Archive for April, 2009


Thursday, April 30th, 2009

Years ago, I read the book Autumn Lightning: The Education of an American Samurai. One of the scenes I remember from the book is a description of an iaido exercise involving a simultaneous draw and strike that cuts through a falling dewdrop.

I was a lot younger then (Amazon’s listing is for the 2001 printing; there’s an earlier one from 1985), and I had difficulty imagining that such things could actually be done, or verified in a training environment. I could see hitting a raindrop, but splitting it? I thought it more an ideal to reach for, in a “the journey is the destination” sense.

Well, now I’ve seen something that removes any lingering doubt that I had. Some of what is done in this video can be verified just from the end results, but the use of a high-speed camera to provide super-slow motion shows how truly impressive a skilled practitioner can be.

I was surprised at how long it took before someone mentioned ‘Fremen’ in the comments.

Wednesday, April 29th, 2009

I’m more surprised that someone would actually get an eyeball tattoo. Pictures at the link are not necessarily for the squeamish.

I’ll have to dig out my books of Harlan Ellison short stories. If I remember correctly, he mentions in an introduction to one story that part of its inspiration was his horror of contact lenses, because he had the idea that corneas needed to breathe.

The readings for today

Wednesday, April 29th, 2009

First, Clay Shirky on deploying the cognitive surplus. I always enjoy things that make me look at something differently, and the idea of the cognitive surplus is one such thing.

Next, a more amusing piece of reading. I remember reading this a few years back, but I lost track of the link to it. Luckily, Bits and Pieces linked it today. It’s the sort of thing that I can easily imagine Dave Barry writing about. In other words, it’s both interesting and a little bit gross. Ladies and Gentlemen, The Worm Within.

Minimalist Art

Tuesday, April 28th, 2009

A dead pixel for Google Earth.

Dead Pixel

The linked page was automatically translated into English, but the original page is available from it.

Eight and a half minutes

Tuesday, April 28th, 2009

Bill Whittle on media bias, and well worth the time.

Camera, science … LIGHTS!

Tuesday, April 28th, 2009

When I was in the Navy and sailing in the Pacific, I got to see bioluminescence in the ship’s wake – a blue glow in the water, with brighter “sparks” eddying around occasionally. Fascinating to watch, and I’d love to see it again. I’ve seen fireflies before, although they don’t hang around where I’m currently living, and I’ve never seen the asian fireflies that light up entire trees in unison. This post gives me those and a lot more things to hope to see someday, but none of them have the over-the-top-mad-scientist-cuteness-of-doom vibe of Ruppy, the light-uppy puppy.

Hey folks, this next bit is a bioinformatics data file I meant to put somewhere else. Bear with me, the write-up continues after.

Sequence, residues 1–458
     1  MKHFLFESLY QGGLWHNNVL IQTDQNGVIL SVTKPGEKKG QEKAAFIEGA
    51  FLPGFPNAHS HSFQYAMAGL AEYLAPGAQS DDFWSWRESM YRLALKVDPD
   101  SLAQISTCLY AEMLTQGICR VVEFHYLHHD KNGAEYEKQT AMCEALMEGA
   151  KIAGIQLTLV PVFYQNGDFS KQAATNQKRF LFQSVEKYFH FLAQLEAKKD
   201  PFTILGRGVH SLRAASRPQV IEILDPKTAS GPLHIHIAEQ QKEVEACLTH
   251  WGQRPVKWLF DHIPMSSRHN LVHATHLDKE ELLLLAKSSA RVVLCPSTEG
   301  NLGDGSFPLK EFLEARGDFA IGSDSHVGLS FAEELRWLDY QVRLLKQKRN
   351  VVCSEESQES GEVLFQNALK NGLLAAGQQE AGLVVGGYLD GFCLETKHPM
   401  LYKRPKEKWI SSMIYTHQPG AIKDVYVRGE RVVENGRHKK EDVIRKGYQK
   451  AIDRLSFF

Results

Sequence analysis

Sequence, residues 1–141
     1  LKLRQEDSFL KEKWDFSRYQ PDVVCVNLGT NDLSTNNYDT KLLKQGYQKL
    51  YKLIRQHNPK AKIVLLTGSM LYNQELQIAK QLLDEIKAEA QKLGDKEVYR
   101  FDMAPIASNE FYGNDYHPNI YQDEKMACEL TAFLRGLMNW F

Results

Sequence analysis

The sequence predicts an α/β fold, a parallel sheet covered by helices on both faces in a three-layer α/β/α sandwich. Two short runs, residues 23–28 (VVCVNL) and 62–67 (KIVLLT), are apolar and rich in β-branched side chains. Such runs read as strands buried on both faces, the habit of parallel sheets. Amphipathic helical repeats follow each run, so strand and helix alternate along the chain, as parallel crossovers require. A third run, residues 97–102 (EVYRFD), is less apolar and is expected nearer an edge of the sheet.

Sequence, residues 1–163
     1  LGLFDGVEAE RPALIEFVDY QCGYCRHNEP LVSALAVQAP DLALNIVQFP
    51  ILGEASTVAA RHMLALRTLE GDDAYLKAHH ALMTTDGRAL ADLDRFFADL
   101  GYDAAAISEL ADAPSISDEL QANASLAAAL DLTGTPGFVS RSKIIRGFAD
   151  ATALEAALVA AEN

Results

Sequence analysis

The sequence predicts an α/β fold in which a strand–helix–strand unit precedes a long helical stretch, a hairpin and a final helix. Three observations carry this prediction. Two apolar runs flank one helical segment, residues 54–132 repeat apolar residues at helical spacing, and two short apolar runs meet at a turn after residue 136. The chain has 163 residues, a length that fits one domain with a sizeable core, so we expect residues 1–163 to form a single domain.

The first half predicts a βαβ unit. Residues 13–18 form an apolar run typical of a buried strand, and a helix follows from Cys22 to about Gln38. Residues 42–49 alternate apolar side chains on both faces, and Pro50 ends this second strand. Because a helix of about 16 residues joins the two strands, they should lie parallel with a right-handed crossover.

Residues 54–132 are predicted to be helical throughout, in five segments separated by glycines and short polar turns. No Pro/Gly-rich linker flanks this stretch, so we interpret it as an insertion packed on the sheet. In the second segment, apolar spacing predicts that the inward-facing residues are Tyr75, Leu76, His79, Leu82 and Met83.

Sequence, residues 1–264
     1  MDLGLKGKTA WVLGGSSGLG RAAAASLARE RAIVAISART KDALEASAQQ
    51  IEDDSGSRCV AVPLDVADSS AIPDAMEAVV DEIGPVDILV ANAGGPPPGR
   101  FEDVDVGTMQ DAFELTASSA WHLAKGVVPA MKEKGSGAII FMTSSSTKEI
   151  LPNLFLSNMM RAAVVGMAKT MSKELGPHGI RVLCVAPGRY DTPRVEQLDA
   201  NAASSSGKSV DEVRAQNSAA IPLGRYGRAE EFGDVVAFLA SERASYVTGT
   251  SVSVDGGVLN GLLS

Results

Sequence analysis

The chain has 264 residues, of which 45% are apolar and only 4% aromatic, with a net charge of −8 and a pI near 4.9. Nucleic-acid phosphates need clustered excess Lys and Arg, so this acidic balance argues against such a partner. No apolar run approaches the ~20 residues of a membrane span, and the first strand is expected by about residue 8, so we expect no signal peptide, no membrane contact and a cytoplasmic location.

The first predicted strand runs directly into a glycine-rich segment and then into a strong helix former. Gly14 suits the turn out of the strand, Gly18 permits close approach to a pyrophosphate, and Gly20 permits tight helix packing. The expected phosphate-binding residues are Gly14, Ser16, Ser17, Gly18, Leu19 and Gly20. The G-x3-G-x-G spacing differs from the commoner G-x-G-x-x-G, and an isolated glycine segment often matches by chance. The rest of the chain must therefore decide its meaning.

Why didn’t I think of this?

Thursday, April 23rd, 2009

I had occasion to visit the Olde Town Pickin’ Parlor this afternoon. While I was there, two young men (late teens, I think) opened the door, and one called out, “Are you guys hiring?”

Looking for a public relations position, no doubt. It’s certainly a job search technique I hadn’t thought of using.

Nailing Jello to the wall

Thursday, April 23rd, 2009

The science project.

I like the fairly comprehensive nature of the experiments.

Worried about your high school reunion?

Thursday, April 23rd, 2009

Some people deal with the worry by deciding not to go. Some begin exercise programs to lose weight and shape up. This is the first time I can remember hearing of someone who hired a stripper to impersonate her and sent along a film crew.

Via the Jammy-wearing fool.

I wish I had a photo

Thursday, April 23rd, 2009

I usually have my camera with me, but last night, I didn’t. I carry the camera in a belt pouch at my left hip, and it wasn’t appropriate with the outfit I was wearing. I was driving at the time, anyway, so it would have been difficult to take a good photo, even if someone else had been the driver.

Imagine, if you will, your generic compact car, colored dark brown where the rust hadn’t eaten through the body, with a home-made, two-level wooden spoiler on the trunk lid.

I say “two-level,” rather than “two-airfoil,” because there was no airfoil cross-section to them; they were just flat pieces of 1×12. It didn’t look to me that the vehicle could go fast enough for them to provide any effect, either.